“I like different places,” he said quite truthfully. “I’m curious. I like to travel, see how different people live.”
She regarded him warily. “Why our people? There are plenty of others.”
He argued with himself over whether to tell her the truth or not, and then shrugged. “When I was a boy, my father brought home a book about your islands. It was in French, I recall, and made many unlikely claims, among them the report that your people wear no clothing, or very little. That prompted my initial curiosity.”
Oriana stared at Mr. Ferreira, wondering what type of impression he intended to make with that bald statement. “That alone piqued your interest?”
He flushed, a hint of red creeping cross his cheeks. “I had no intention of offending you, Miss Paredes. I was twelve, I believe. Boys that age, I’m afraid, find nothing more fascinating than the possibility of glimpsing a woman in her natural state. I hope that doesn’t negate my earlier apology. I am somewhat more mature now than I was at twelve.”
Her tone must have been sharper than she’d intended. “I’ll not take it amiss, then, sir. I should tell you, though, that we do wear clothing, although admittedly less than your own people. Our women especially don’t have to put up with this excessive number of layers.” She gestured at her own skirts, hidden under the blue dress.
He inclined his head, as if in acknowledgment of a gift. “I’ll have to look for that book. You might find it amusing.”
She could only imagine how inaccurate a human-written book about the islands would be. His dark brows drew together, and for a moment he didn’t speak. “Mr. Ferreira?” she prompted, uncertain where his thoughts had strayed.
“May I ask a personal question?”
She folded her hands atop the fabric. What could possibly give him pause after admitting having been an imaginative twelve-year-old male at one point? “Of course, sir.”
He gestured toward her hands. “The webbing between your fingers seems very delicate. I wondered if you often injure it. You said you’ve done so when sewing.”
She felt the urge to smile at his hesitation. “It’s tougher than it looks and heals very quickly. I do prick it on occasion, which jars me to my teeth, but it doesn’t hurt that much.”
She licked her lips, working out the words to explain. “Our webbing is what allows us to sense movement in the water—waves or fish or boats. When I injure it, it’s like . . . a loud thunderclap, but not in my ears. In my head.”
“Like a seal’s whiskers,” he said with a slow nod. “How sensitive is it?”
She hadn’t realized the purpose a seal’s whiskers served, but if anyone would know, he would. She held up her hand and spread her fingers wide, which allowed her to sense him. “At this distance I can feel your breathing, your heartbeat. It’s indistinct, but in water it would be far clearer.”
That apparently gave him something to think about, as he sat with his lips pressed together, unmoving.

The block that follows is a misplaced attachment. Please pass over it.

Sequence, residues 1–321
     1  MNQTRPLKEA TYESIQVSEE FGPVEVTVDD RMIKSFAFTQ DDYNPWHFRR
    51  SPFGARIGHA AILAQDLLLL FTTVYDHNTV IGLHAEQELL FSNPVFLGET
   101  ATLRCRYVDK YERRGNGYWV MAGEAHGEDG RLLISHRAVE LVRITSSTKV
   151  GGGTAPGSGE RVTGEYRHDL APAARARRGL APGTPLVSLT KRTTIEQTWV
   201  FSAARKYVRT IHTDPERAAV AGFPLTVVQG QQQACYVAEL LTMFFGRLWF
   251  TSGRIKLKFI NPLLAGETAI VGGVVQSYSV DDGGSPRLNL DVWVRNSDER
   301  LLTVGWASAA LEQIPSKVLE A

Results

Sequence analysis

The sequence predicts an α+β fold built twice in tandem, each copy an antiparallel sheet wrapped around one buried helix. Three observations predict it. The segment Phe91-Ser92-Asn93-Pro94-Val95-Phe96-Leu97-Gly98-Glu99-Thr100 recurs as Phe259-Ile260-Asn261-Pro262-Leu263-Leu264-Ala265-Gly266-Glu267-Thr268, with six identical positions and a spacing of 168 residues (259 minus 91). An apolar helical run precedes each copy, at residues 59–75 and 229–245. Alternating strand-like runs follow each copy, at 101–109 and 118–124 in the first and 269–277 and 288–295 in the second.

Oriana suspected she knew what he wanted. Isabel was the only other human who’d ever known her well enough to dare ask. She moved to the front of the couch, hands still in her lap. “Would you like to look at them?”
He regarded her cautiously. “Would you find that offensive?”
She didn’t recall exactly when, but he’d switched to informal address, speaking to her like a friend, tu, rather than just an acquaintance. She did the same. “Will you show me yours in return?”
“It would be a terrible sacrifice,” he said with a sly smile, “but I suppose I could.”
Then he recognized it for a foolish request. She’d seen plenty of human hands in the past two years. But it was a trade she was willing to make. This wasn’t vulgar curiosity or sensationalism on his part. He simply liked to understand.
She leaned forward and held out her left hand—the one without a cut across the palm. The webbing ran up to the last joint on each finger. Their conjoined nature didn’t allow her the dexterousness of a human hand, but she found most tasks doable.
“May I touch your hand?” he asked.
Given his walking into her bath unannounced only a few days before, it was an ironic question. He’d already touched her bare hand, once when he passed her the bathroom keys and then the previous night in the library. This was different, though. She just wasn’t certain how. “Of course,” she managed.
His left hand, ungloved, touched hers. His fingers were warm, sliding under her hand to support it. His thumb rubbed across her palm, distracting her. She spread her fingers wider and let him turn her hand slightly to catch the light on the webbing. The silhouette of his fingers showed through the translucent skin. His heartbeat reverberated through her senses.
He was holding her hand because . . . he wanted to do so.
She swallowed. The sensation of Mr. Ferreira’s skin against hers was surprisingly affecting, making her body warm and her heart beat faster. She wasn’t accustomed to such familiarity; that had to be the source of her reaction.